What you see here is a fully loaded winter galette. I started making it a few months ago, inspired by a recipe in Sarah Owens’ masterful sourdough book. Your whole grain sourdough crust caught my attention. Nor did I need to convince people about the garlic-riddled labneh that was lathered under summer coverings. I don’t have to tell most of you, as I type this, we are far from summer.
Sarah’s galette was full of beautiful tomatoes, but by the time I discovered her recipe the tomatoes were long gone for the year. My cake had to be more of a winter affair, and the delicata squash and shallots that I had on hand seemed to evolve naturally. I’ve baked this galette four or five times since then and it’s omg-so-good. If you love hearty pies this is for you. And please don’t sweat if you don’t have a sourdough starter. I’ll mention a couple of alternative routes you can take below.
Just do it!
This galette is a little project if you are starting from scratch in the late evening and have dinner as your goal. Pre-do most of the components if you have a few minutes here or there in the days before, and they’ll come together effortlessly when you’re ready to bake the finale.
What can you do ahead of time?
You can make the batter for the crust and freeze or refrigerate. You can distribute the yogurt in five minutes in advance – a breeze. And if you roast the delicacies and shallots the night before (or have them as part of your meal that day), you can use the leftovers on the galette.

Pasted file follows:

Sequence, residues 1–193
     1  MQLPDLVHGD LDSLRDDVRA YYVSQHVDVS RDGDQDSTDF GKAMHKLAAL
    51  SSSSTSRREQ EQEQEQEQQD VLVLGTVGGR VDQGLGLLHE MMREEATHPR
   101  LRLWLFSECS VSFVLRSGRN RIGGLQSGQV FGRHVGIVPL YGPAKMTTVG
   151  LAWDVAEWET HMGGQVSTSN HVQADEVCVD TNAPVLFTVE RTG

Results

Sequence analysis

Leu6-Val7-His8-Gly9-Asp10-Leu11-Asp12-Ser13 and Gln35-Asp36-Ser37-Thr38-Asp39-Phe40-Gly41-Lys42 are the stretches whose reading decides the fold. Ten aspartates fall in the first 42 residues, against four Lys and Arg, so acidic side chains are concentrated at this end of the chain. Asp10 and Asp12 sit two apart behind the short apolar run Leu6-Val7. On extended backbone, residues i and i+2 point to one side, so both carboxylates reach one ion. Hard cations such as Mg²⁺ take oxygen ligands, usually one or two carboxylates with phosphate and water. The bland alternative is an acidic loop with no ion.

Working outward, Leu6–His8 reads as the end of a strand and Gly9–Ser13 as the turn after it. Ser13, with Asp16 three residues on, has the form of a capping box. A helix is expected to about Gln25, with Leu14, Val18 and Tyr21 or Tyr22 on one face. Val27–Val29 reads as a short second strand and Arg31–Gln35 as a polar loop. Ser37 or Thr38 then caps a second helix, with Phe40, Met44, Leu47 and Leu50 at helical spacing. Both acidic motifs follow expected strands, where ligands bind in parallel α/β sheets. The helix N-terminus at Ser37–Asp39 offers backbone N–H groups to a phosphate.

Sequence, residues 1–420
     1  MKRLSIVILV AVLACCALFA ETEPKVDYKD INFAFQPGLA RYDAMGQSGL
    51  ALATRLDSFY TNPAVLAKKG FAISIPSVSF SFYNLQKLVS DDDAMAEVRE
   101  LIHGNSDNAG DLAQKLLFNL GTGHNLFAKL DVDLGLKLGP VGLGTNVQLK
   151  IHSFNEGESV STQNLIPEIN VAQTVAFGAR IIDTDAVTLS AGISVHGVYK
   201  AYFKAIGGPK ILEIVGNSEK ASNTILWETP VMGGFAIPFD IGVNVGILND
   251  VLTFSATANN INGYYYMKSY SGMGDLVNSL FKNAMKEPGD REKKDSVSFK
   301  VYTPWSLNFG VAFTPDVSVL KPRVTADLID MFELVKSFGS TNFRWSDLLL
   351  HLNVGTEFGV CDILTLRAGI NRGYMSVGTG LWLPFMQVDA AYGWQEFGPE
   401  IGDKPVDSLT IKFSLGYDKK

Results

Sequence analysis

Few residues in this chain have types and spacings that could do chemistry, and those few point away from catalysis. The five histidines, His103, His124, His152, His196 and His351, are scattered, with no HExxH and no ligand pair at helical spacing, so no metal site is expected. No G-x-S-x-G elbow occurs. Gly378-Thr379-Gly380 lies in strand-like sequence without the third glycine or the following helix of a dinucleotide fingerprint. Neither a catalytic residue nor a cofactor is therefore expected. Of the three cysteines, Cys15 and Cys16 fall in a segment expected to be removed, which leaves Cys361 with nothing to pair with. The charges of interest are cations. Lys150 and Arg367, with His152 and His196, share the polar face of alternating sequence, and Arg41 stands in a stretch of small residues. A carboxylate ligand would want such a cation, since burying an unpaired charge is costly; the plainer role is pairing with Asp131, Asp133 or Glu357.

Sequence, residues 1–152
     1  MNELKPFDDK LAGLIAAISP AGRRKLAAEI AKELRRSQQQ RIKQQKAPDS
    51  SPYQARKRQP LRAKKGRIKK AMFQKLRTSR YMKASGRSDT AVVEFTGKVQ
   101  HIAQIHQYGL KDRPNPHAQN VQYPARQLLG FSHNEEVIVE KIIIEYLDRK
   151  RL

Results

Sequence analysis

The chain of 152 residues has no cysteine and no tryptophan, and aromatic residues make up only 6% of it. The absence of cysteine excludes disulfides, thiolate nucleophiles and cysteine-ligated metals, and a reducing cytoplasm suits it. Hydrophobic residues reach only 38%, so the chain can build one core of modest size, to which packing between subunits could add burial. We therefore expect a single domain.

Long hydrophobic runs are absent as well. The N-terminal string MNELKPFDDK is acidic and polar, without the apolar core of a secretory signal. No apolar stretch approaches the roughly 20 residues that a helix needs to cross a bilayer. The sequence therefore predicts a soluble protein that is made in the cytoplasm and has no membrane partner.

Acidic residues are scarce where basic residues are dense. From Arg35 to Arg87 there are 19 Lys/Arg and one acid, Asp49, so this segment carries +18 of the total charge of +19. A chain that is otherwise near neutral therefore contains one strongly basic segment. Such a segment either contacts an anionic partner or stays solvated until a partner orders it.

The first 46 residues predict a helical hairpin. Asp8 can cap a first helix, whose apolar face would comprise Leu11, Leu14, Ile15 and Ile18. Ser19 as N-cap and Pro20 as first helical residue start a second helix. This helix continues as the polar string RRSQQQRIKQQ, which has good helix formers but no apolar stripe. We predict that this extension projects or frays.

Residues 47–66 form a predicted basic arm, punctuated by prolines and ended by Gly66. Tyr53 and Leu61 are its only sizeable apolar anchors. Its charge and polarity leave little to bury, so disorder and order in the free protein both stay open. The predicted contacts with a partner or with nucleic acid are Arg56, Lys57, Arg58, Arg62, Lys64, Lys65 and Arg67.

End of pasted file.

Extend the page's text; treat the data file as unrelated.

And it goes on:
What if you don’t have a sourdough starter?
Here’s another hot crust that I love – you can just trade this in. Alternatively, you can follow the recipe below by omitting the sourdough starter and adding 25g of ice water and 25g of flour instead. Adjust with a little water or flour depending on how the dough feels If you want to maintain your own sourdough starter there are endless books and tutorials on this, or you can ask your local bakery if they could save a bit of it instead of starting over!
Kitchen scales are the best!
This recipe is written in weights (I wanted to convert for volumes, but didn’t have time to snap photos before it got dark! Sorry). If you bake a lot, you’ve probably heard it before, kitchen scales are a godsend. I love my Escali Primo, it costs around $ 20 and will last a long, long time. This crisp batter has volume measurements when you are without flakes. Both are buttery, rich, and crowd-pullers.
Extra credit! I love the cute, tiny seeds in Delicata Squash that you can see here. Pre-fry them in a hot oven with some olive oil, then sprinkle them on everything from cakes and salads to pasta to pizza. It takes a bit of a hassle to remove the bulk from them, but it’s well worth the extra effort.
Hope you all enjoy this one, I was so excited to see how many of you guys have made stunning braided breads! Xo to Sarah for the inspiration!
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